AMAFI (Association française des marchés financiers) is the trade organisation working at national, European and international levels to represent financial market participants in France. It acts on behalf of credit institutions, investment firms and trading and post-trade infrastructures, regardless of where they operate or where their clients or counterparties are located. AMAFI’s members operate for their own account or for clients in different segments, particularly organised and over-the-counter markets for equities, fixed-income products and derivatives, including commodities.
Gide 255: Founded in Paris in 1920, Gide is one of the leading international law firms, offering legal advice and assistance across a broad spectrum of disciplines to businesses, public and private sector institutions, investment funds and government. Within Gide, Gide 255 is the team created in 2018 and dedicated to innovation. As such, Gide 255 has developed particular expertise in the fields of blockchain, crypto-assets, security tokens and related activities, and artificial intelligence.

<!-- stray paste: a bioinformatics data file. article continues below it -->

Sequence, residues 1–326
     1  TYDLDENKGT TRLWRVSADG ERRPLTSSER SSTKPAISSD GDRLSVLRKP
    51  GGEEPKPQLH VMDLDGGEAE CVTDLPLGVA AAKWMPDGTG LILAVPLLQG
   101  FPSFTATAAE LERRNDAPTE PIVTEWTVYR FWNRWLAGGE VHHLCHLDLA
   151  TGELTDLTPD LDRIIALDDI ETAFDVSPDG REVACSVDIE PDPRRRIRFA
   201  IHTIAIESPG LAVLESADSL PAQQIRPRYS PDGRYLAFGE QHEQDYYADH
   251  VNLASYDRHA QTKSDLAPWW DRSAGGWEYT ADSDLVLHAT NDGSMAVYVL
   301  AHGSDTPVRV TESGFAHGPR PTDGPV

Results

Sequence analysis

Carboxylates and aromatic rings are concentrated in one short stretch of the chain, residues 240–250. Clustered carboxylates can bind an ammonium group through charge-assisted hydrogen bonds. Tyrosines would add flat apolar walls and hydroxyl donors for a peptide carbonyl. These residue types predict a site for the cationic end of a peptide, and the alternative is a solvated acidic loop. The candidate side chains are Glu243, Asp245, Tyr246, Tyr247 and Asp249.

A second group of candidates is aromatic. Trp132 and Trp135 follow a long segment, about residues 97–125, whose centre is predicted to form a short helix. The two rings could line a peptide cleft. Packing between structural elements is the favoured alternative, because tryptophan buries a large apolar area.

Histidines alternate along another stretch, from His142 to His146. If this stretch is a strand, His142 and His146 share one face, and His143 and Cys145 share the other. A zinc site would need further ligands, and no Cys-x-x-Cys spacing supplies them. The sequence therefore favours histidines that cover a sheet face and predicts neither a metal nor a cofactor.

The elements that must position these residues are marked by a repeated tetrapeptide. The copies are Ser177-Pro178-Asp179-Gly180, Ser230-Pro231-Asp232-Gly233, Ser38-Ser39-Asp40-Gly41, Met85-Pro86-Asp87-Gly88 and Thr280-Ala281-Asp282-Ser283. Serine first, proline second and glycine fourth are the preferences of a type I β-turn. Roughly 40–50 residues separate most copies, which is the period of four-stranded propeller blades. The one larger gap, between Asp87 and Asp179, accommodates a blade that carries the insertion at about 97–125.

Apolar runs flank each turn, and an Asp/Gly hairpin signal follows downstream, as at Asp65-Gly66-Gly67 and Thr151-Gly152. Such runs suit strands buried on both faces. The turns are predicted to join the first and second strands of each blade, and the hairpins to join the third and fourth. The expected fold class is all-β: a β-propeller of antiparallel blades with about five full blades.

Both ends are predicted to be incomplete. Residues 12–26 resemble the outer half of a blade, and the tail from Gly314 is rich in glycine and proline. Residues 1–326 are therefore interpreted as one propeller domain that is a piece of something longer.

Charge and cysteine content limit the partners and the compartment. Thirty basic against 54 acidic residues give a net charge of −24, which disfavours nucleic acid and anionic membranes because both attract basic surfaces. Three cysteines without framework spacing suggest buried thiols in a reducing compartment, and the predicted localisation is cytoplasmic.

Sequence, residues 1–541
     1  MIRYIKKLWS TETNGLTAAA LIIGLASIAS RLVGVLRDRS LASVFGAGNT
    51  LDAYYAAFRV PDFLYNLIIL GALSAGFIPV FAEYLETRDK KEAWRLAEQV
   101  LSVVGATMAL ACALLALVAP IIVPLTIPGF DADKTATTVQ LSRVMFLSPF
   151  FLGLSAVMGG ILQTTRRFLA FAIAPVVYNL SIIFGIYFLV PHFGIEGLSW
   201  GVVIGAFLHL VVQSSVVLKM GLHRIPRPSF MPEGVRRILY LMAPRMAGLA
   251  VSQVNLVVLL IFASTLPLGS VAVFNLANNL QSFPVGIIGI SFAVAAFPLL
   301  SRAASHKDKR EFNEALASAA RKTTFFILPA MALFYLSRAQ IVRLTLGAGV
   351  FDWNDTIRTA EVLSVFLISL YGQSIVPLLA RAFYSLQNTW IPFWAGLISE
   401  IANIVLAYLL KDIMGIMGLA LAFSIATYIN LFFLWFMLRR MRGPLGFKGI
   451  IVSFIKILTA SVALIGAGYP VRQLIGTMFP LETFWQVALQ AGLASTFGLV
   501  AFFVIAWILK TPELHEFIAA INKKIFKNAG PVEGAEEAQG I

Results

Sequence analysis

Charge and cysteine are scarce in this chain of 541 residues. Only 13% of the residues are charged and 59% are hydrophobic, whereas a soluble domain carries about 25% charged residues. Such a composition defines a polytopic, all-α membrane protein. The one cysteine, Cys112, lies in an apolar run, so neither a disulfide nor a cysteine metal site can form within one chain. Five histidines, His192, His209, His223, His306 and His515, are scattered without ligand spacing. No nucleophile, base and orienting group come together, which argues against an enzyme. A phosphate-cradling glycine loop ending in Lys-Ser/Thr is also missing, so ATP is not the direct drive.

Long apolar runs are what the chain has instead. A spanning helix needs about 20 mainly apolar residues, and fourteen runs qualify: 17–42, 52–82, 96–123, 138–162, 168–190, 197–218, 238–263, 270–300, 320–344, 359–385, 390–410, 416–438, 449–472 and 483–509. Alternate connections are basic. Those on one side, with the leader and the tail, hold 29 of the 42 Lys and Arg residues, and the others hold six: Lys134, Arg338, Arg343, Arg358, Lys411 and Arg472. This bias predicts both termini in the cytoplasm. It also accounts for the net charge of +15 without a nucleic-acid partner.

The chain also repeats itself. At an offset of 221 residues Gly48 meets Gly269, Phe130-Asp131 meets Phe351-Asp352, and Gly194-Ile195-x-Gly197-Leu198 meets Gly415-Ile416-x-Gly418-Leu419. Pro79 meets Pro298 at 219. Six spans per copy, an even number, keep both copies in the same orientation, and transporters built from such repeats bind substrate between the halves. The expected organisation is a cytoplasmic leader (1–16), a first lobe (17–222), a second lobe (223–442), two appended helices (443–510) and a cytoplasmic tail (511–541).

European Digital Laboratory: the AMF’s proposal
In the context of ongoing discussions at the European level on the reforms needed to support the development of security tokens, the AMF recently proposed “European Digital Laboratory.”
Purpose of the European Digital Laboratory
At a European level, this mechanism would allow certain players to request regulatory exemptions under specific conditions. These exceptions would help alleviate some of the burdens currently hindering the development of some projects.
The aim would thus be to:
- test the economic relevance of projects without being limited by the current regulatory framework; and
- better target regulatory provisions preventing the development of such projects, identifying precisely, and with concrete examples, the reforms necessary for the development of security tokens.
Potential beneficiaries of the European Digital Laboratory
Exemptions would be subject to requirements both on the player applying for them and on the activities they would cover.
- Players likely to apply for this regime would have to (i) either be already regulated and licensed (e.g., in the context of the provision of banking, financial, or encryption services); (ii) or present guarantees in terms of honorability and organization.